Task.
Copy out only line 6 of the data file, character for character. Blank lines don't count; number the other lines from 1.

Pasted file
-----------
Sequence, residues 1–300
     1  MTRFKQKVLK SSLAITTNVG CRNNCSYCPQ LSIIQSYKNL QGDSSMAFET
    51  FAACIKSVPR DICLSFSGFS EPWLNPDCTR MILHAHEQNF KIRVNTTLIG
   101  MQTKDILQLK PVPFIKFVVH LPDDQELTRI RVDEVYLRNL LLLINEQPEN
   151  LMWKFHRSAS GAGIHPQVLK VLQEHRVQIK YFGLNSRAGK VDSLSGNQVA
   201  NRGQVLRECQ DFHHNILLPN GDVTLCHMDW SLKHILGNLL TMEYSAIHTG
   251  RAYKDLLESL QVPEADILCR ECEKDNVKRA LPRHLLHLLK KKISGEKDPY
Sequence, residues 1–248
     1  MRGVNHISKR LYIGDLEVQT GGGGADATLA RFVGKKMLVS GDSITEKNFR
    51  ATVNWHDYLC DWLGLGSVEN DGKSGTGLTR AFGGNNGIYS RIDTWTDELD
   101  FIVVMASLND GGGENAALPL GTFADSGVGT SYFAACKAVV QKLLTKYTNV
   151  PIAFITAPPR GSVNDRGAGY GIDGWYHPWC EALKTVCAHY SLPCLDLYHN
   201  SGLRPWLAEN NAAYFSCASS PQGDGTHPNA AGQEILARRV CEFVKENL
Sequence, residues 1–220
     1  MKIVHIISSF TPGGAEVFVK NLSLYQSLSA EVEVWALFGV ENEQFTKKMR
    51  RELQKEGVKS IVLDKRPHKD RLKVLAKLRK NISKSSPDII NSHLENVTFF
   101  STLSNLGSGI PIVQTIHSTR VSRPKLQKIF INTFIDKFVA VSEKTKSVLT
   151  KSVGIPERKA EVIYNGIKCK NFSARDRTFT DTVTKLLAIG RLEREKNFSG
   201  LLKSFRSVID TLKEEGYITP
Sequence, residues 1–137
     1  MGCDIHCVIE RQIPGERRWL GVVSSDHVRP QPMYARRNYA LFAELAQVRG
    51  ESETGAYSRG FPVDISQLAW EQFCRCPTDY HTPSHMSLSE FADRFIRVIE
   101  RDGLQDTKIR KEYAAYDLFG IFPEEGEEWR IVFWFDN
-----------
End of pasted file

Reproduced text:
   201  NRGQVLRECQ DFHHNILLPN GDVTLCHMDW SLKHILGNLL TMEYSAIHTG